Cambridge SoundWorksEdit

 
Cambridge SoundWorks - A Satellite speaker from a FPS2000 surround set

Cambridge SoundWorks was founded by Kloss and Tom DeVesto in 1988. That company was quite successful, producing dozens of different models of speakers. They also produced table radios and high quality speaker systems for computers. Kloss left Cambridge SoundWorks in 1997, and the company became a subsidiary of Creative Technology.[1]

Tivoli AudioEdit

 
Henry Kloss design: Tivoli Audio PAL

Former Cambridge SoundWorks co-founder Tom DeVesto founded Tivoli Audio in 2000 to sell a new table radio which Kloss designed after a brief retirement. Tivoli made the Model One (mono) and Model Two (stereo) table radios using MOSFET technology to increase selectivity; both radios have a classic appearance similar in appearance to Kloss' KLH Model Eight radio. The high-quality tuner combined with a good speaker arrangement led some reviewers to call these modern radios "Bose killers". However, the Cambridge SoundWorks Model 88 had used some similar technology, leading to a lawsuit between Cambridge Soundworks and Tivoli Audio.[6]

Design and marketing philosophyEdit

Very early in his career, Kloss decided to concentrate on designing audiovisual equipment which combined high quality, often with leading-edge consumer technology, with moderate pricing.[2] The external appearance of his products was strongly influenced by the minimalist Bauhaus esthetic style.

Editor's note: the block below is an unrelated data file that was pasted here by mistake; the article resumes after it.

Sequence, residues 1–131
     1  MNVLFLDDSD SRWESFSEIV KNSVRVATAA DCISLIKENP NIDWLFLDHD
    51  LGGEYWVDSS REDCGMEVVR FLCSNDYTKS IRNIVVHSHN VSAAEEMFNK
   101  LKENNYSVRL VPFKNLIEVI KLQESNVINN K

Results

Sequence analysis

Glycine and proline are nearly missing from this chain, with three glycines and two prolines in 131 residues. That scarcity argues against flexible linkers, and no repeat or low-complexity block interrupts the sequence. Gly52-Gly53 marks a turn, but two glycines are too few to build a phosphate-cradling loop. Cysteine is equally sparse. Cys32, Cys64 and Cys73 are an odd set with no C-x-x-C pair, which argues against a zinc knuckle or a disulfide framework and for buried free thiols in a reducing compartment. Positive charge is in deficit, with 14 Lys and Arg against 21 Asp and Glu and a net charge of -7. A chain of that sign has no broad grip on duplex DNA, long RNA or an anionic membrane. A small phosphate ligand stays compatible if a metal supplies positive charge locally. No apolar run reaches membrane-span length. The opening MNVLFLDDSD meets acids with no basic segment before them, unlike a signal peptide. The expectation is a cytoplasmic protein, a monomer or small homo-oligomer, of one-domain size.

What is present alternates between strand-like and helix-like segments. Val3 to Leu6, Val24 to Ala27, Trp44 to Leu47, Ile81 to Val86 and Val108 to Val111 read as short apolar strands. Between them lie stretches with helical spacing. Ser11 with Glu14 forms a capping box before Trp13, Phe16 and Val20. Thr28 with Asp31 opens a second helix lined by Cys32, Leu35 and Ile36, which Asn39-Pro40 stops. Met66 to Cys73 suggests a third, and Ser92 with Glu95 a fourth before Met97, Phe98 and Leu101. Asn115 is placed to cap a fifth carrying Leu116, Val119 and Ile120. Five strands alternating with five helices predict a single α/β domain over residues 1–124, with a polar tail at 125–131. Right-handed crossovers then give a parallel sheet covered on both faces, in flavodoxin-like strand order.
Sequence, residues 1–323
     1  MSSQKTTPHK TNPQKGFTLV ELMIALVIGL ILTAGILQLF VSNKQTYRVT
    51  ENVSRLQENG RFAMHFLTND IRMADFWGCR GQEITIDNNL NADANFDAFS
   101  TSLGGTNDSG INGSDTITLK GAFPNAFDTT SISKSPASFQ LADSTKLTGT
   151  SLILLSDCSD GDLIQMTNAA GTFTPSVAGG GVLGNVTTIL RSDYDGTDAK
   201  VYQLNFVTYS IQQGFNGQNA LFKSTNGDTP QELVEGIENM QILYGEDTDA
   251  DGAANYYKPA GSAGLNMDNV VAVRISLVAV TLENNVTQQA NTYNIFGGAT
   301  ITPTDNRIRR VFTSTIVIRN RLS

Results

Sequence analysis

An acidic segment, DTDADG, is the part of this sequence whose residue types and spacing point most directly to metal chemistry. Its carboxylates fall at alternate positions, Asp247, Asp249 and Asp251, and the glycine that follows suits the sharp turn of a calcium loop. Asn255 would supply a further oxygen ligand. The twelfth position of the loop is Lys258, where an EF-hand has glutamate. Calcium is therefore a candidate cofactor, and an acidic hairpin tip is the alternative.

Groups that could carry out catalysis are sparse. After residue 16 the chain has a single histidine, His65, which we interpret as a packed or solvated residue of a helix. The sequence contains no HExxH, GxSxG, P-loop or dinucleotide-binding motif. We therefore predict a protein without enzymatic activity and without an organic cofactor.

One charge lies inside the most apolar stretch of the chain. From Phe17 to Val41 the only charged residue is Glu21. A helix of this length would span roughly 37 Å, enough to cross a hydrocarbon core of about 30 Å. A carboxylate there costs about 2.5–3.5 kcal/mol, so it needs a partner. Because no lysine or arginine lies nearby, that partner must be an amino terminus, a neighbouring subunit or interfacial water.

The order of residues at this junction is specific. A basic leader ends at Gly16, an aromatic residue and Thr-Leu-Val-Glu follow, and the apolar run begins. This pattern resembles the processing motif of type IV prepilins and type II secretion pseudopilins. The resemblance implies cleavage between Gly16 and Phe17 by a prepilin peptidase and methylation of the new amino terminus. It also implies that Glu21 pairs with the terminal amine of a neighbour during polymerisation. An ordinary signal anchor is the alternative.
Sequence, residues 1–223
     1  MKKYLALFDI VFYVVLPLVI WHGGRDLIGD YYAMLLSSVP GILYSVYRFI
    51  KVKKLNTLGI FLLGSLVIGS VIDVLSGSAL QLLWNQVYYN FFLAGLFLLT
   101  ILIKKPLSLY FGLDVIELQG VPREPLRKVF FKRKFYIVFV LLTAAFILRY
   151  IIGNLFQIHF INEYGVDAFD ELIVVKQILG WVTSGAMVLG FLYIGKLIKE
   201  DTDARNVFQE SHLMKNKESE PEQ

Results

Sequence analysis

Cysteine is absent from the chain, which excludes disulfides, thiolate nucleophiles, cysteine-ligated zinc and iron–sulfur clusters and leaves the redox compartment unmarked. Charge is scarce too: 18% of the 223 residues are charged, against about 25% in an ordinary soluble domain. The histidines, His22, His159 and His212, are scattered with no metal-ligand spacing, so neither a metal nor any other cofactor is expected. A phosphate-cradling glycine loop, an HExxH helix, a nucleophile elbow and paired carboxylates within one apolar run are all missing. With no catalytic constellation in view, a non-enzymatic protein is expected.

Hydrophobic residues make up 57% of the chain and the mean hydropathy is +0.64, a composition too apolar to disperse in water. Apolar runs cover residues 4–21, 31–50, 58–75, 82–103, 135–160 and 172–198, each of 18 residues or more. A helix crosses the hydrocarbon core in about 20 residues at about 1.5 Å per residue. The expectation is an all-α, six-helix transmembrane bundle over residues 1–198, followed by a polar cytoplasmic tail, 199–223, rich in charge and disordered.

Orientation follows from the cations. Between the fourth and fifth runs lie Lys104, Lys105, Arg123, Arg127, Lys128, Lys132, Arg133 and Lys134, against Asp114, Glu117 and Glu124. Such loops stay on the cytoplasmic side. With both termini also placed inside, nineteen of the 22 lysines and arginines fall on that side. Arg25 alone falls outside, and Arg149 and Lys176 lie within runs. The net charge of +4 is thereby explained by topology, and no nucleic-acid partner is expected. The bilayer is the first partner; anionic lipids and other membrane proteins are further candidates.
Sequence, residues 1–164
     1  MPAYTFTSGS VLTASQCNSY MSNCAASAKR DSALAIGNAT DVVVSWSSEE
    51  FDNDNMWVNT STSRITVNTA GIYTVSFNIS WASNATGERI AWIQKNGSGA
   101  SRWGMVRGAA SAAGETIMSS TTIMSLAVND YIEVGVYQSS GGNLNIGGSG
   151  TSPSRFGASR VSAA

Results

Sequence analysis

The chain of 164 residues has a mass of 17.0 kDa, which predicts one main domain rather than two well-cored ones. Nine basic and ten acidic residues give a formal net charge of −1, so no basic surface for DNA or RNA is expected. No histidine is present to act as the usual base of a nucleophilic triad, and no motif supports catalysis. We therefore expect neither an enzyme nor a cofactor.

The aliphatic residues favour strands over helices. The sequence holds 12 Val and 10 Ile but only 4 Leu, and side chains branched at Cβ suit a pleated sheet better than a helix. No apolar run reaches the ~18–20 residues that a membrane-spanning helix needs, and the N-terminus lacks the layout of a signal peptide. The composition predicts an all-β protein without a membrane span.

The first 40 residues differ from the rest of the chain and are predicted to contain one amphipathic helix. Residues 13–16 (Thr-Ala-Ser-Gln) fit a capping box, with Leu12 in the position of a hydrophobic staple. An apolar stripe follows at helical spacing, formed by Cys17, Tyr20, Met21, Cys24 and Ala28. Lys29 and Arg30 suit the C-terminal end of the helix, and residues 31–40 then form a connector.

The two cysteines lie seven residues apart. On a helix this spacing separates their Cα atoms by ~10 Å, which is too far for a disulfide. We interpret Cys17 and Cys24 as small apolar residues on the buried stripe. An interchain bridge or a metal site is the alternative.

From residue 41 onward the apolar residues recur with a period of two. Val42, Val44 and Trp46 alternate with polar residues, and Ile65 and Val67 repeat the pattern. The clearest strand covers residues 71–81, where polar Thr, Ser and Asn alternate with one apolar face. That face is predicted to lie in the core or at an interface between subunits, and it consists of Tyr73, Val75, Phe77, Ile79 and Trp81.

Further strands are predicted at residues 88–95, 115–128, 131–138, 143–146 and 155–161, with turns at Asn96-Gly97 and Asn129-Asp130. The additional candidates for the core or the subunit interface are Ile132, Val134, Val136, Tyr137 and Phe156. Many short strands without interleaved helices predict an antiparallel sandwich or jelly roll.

In his marketing and advertising, he emphasized both the high performance and the moderate cost of his products. To keep prices low, he often sold products via mail order, with generous trial period and return policies.[5][1]

Personal lifeEdit

Kloss was sometimes seen riding an old bicycle on the streets of Cambridge, or driving an old but durable car.[2] He usually dressed informally in well-worn clothes, and had a direct, pragmatic approach to problem-solving.[2] Old customers would sometimes drop by his house looking for long-discontinued replacement parts, which Kloss would obligingly retrieve from the basement.[1] His offices were cluttered with equipment and circuit boards, and he wore his gray hair pulled back out of the way in a ponytail.[1]

He died suddenly of a subdural hematoma on January 31, 2002.[1] He was survived by a son, two daughters, and seven grandchildren.[1]

ReferencesEdit

  1. ^ a b c d e f g h i j Schwartz, John (February 5, 2002). "Henry Kloss, 72, Innovator In Audio and Video, Dies". The New York Times. Retrieved May 4, 2014.
  2. ^ a b c d e f g h i Lander, David (February 10, 2002). "Henry Kloss, Dead at 72". Stereophile. Retrieved September 21, 2015.
  3. ^ Lander, David, "A Glorious Time: AR's Edgar Villchur and Roy Allison," Stereophile, January, 2005
  4. ^ Weaver, Gary. "The Little Cassette Deck That Changed the World: The Advent 201". positive-feedback. Retrieved September 10, 2019.
  5. ^ a b "[Advent 201A Advertisement]" (PDF). American Radio History. July 1977. Retrieved September 10, 2019.
  6. ^ "The People of Tivoli Audio and the Design of Henry Kloss Radios". Totally Wired NZ. February 12, 2002. Retrieved September 21, 2015.

External linksEdit